RSA, DES, AES, etc., all use (relatively) complicated mathematics to encrypt some message with some key. For each of these methods, there have been several documented vulnerabilities found over the years. Some even believe that there is a vulnerability in AES known only to the NSA.
On the other hand, the one-time pad is not only ridiculously simple, but also has been shown to be impossible to crack (if used appropriately).
Say you have some message to be encrypted with length n. Simply generate a random string with length m where m is at least as large as n, and perform modular addition of the random string onto the message.
As long as the random string is generated with a high-enough-quality random number generator, and as long as the same one-time pad isn't reused, it should be impossible to crack.
If this is true, all we would need to perfect are fast, cryptographically secure deterministic random number generators. Use the key as a starting seed for the RNG and you have a powerful uncrackable encryption scheme which is simple to understand and implement.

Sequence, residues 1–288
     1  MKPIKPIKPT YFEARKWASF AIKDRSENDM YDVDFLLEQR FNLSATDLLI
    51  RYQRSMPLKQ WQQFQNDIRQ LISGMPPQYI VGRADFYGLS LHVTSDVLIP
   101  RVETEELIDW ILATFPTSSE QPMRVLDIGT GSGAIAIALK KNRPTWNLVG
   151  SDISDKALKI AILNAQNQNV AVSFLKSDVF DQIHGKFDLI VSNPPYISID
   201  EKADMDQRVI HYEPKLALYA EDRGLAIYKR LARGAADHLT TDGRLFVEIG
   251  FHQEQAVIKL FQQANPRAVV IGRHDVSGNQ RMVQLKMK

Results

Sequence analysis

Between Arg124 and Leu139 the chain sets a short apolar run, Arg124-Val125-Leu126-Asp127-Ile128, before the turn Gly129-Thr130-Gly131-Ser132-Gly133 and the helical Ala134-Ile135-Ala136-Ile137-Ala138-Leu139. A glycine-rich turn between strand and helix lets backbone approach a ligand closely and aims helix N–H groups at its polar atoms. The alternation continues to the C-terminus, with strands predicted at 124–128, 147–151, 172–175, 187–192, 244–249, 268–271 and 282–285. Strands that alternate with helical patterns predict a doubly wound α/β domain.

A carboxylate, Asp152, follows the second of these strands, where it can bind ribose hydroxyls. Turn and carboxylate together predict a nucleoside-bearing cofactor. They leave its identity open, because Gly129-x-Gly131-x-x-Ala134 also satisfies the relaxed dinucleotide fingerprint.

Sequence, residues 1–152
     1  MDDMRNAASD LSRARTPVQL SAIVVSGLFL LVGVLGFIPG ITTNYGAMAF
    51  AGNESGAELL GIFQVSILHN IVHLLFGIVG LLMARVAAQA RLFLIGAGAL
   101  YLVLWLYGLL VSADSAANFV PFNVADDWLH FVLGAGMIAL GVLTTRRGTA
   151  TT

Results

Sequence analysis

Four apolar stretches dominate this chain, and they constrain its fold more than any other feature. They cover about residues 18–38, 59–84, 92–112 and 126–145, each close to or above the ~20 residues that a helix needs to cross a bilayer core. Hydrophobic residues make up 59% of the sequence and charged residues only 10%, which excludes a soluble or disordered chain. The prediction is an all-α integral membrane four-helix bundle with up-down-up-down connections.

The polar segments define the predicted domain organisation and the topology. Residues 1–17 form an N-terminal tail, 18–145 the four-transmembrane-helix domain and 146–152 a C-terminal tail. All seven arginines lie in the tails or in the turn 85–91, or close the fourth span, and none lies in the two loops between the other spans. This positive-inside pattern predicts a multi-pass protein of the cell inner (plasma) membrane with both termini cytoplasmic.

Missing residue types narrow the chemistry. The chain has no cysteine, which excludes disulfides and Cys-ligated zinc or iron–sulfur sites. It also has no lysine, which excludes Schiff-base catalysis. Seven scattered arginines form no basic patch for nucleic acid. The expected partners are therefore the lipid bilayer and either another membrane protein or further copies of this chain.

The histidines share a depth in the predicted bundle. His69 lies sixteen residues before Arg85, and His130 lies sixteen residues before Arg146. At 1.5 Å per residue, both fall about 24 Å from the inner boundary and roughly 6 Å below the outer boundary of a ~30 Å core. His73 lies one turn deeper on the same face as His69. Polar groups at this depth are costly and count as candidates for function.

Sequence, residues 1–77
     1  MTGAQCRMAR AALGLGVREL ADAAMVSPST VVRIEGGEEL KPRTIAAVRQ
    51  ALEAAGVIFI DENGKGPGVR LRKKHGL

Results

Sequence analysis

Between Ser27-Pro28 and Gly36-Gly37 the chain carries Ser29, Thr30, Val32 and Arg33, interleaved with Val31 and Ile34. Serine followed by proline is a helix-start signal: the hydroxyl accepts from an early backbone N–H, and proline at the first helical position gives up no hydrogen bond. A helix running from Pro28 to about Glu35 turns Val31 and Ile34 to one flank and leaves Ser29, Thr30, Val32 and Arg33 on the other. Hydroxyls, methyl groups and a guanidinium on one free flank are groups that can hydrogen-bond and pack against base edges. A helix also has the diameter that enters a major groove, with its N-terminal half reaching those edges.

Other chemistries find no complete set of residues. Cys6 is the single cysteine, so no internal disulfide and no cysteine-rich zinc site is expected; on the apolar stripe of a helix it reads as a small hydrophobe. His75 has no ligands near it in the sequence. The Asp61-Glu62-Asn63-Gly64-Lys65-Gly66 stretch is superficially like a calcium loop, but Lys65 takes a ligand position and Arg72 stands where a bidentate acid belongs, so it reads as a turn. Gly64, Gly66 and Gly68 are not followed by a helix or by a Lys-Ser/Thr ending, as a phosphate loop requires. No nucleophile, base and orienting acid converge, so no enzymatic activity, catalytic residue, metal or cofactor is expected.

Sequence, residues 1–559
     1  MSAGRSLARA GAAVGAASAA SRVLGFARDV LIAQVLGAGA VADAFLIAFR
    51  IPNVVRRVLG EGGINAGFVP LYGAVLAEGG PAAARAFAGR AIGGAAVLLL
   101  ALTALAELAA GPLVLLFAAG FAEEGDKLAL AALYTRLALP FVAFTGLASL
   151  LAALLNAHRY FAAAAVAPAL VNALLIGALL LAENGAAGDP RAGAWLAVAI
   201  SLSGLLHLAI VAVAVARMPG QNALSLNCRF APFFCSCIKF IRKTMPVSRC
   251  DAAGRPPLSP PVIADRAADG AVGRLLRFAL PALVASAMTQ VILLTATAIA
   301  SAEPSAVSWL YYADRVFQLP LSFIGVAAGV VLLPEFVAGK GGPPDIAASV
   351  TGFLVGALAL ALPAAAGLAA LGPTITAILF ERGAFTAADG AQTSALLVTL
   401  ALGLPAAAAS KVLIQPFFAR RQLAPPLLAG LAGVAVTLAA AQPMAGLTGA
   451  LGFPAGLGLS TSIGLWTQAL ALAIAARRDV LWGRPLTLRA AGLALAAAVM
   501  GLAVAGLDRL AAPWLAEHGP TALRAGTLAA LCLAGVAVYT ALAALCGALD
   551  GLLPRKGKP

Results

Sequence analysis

Blum-Blum-Shub is a fast, cryptographically secure PRNG, and there are others too.
I have written a C++ program which uses two 2048-bit primes (which match the necessary criteria) for Blum-Blum-Shub and uses a password which the user enters - converted into a starting seed - to run byte-wise modular addition. The process is fast, deterministic, and if the literature I have read is correct then it should be very secure.
So why is so much time and effort invested in coming up with convoluted encryption cyphers when mathematics shows that the simplest is often the best?